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5 Underrated Indie Songs From the 80s

If you can get passed the mullets and shoulder pads, the big hair, legwarmers and fingerless gloves, the ‘80s was actually a remarkable decade for alternative music. Here are some of our favorite lesser-known indie songs from the bullish eighties—timeless tracks that every Ray-Ban donning, pegged jeans wearing fan of alt rock should acquaint themselves with before their next ‘80s-themed dance night.

Did we miss your favourite? Let us know in the comments.

Pixies – “Debaser”

Okay, it may be a bit of a stretch considering “Debaser” underrated, but unlike “Here Comes Your Man,” which features prominently in the cult film 500 Days of Summer, or “Where is My Mind” which plays during Fight Club’s iconic final scene, “Debaser” lacks a memorable pop culture moment. Never released as a single and rarely talked about as one of the band’s finest tunes, it’s been growing in popularity since ’89 nonetheless. A track that eschews the band’s usual quiet-loud structure, for an all-out maelstrom of guitar fuzz, tambourine, and Frank Black’s unhinged howl, it holds up as well as anything in Pixies’ catalogue.

The Smiths – “There Is A Light That Never Goes Out”

Their time in the sun may have been brief, but when The Smiths were ‘on’ in the 80s, few bands burned as brightly. Yes, “This Charming Man” may be the go-to party track for Smiths lovers these days, but “There Is A Light That Never Goes Out” is perhaps their most quintessential work. The morbid, evocative lyrics, the silky, inimitable vocals, Johnny Marr’s singular guitar style—it’s a tune that any fan of British alt-rock should know.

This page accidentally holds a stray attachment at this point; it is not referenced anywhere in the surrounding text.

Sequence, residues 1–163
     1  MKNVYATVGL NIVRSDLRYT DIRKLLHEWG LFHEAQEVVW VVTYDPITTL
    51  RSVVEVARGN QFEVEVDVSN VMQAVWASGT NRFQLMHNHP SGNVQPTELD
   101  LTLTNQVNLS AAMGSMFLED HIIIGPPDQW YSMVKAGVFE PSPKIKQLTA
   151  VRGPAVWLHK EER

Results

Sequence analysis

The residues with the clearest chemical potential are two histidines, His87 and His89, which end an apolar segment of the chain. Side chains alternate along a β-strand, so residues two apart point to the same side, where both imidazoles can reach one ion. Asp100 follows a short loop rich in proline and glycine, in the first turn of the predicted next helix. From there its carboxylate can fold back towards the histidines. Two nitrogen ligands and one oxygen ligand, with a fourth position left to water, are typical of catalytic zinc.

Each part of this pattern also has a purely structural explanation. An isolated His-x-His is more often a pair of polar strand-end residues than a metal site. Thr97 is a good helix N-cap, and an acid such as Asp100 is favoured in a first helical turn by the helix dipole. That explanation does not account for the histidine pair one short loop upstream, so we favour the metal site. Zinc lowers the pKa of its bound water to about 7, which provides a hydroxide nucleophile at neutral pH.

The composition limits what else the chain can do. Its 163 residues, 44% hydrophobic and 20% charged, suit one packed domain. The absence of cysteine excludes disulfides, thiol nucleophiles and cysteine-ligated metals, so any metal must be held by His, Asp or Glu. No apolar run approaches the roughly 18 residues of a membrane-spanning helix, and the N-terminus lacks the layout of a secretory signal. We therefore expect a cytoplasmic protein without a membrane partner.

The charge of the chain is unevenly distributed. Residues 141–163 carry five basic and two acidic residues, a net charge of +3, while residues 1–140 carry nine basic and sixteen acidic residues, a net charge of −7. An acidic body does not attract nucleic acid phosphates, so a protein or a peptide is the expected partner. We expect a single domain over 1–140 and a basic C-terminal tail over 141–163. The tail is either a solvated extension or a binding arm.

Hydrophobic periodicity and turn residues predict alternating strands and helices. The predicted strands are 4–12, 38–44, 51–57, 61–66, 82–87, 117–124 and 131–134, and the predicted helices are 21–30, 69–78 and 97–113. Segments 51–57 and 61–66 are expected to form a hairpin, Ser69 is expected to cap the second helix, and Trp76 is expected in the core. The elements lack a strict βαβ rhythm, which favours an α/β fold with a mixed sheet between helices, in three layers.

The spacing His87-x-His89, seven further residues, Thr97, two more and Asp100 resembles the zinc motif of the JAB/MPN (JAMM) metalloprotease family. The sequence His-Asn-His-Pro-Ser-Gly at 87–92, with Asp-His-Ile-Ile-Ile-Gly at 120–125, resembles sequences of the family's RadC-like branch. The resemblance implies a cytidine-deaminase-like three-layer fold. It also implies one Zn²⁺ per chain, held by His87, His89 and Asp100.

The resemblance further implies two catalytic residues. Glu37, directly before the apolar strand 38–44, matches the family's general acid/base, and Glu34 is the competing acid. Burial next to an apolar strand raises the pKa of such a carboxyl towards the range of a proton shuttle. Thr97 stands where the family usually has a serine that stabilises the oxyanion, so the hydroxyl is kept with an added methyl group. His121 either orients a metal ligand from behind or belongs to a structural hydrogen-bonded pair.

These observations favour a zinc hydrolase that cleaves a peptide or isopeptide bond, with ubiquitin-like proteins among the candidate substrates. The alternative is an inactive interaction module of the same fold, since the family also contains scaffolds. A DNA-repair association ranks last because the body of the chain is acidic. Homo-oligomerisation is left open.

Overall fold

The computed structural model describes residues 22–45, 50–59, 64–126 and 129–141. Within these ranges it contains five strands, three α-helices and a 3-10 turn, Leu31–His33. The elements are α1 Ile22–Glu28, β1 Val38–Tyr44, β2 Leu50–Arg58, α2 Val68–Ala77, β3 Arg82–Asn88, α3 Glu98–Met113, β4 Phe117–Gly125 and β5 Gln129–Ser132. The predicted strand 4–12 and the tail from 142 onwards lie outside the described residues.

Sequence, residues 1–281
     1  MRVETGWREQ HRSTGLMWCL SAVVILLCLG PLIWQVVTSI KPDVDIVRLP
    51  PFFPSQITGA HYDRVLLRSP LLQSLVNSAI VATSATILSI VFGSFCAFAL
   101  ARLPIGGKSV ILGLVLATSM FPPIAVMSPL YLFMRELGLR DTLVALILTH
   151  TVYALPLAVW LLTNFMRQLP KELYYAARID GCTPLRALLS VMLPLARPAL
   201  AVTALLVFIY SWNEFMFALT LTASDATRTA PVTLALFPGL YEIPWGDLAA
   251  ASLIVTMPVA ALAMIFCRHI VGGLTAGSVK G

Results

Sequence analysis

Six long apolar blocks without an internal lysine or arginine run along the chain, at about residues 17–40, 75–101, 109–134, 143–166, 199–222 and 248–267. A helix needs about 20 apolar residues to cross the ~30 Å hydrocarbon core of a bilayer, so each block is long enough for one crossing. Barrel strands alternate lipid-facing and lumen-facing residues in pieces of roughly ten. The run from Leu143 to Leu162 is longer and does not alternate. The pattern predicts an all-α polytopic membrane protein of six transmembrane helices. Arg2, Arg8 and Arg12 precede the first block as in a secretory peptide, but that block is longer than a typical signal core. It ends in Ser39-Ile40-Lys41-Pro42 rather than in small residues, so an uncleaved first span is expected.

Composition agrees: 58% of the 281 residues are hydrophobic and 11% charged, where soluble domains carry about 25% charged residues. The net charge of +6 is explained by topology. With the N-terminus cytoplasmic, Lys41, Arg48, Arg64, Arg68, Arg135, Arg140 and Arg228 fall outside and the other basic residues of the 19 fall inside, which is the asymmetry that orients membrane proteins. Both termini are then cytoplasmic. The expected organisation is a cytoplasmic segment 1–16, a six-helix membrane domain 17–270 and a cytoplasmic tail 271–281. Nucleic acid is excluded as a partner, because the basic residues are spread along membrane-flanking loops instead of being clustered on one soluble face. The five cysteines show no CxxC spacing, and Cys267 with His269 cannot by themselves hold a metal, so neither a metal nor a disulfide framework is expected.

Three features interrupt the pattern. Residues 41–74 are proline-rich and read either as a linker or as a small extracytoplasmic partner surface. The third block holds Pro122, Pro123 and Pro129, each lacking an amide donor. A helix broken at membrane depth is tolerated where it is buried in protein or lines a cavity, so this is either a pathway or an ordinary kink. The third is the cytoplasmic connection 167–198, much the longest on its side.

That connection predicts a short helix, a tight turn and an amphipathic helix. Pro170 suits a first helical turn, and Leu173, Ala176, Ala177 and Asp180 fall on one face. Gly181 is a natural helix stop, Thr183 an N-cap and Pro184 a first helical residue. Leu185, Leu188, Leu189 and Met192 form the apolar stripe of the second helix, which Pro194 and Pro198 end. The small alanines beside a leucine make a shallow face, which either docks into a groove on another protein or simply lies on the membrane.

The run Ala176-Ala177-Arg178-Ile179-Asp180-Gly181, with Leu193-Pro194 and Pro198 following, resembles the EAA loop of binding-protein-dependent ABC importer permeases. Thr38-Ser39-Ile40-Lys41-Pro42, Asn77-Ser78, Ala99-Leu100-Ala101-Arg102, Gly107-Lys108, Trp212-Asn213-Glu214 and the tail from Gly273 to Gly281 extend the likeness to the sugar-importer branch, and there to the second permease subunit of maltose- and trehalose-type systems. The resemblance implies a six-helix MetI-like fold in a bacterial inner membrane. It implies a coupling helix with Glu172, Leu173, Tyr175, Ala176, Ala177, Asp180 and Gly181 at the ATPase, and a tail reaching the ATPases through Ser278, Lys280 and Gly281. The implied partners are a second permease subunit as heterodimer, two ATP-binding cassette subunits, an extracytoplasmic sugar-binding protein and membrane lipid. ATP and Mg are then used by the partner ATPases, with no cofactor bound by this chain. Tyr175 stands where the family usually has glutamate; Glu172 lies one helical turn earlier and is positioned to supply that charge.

New Order – “Age Of Consent”

Prescribing to the age-old philosophy ‘if it ain’t broke, don’t fix it,’ “Age of Consent” is 5+ minutes of Peter Hook’s damn-near perfect bass-line (the decade’s best for my money), buttressed by spikey rhythm guitar and propulsive, high-hat heavy drumming. While it never reached the stratospheric heights of singles like “Bizarre Love Triangle” and “Blue Monday”, the opener from Power, Corruption & Lies finds it’s own bit of transcendence in playful, earnest simplicity. It’s a track that sounds more like Bloc Party, The Rapture, or any number of great post-punk bands from the early 2000s than a throw away song from 1983.

Sonic Youth – “Teenage Riot”

Despite the long runtimes, violent eruptions of noise, and utter and absolute refusal to make “pop music,” Daydream Nation is one of the most important alt-rock albums of the ‘80s. And “Teenage Riot” is its noisy, ebullient centerpiece. Like Broken Social Scene? Nirvana? Any kind of guitar-based indie music? You probably have Sonic Youth to thank.

Dinosaur Jr. – “In a Jar”

What the song lacks in polish, J Mascis and Lou Barlow more than made up for in wild teenage zeal. A shambling piece of Proto-grunge that starts and ends with no warning, and is, of course, anchored by a ripping Mascis solo. Few loser love songs from the 80s spoke so directly or effectively to their intended audience, and none did so with more zeal. If you don’t know these modern rock legends, do yourself a favor and pick up a copy of the 1987 track “You’re Living All Over Me”.

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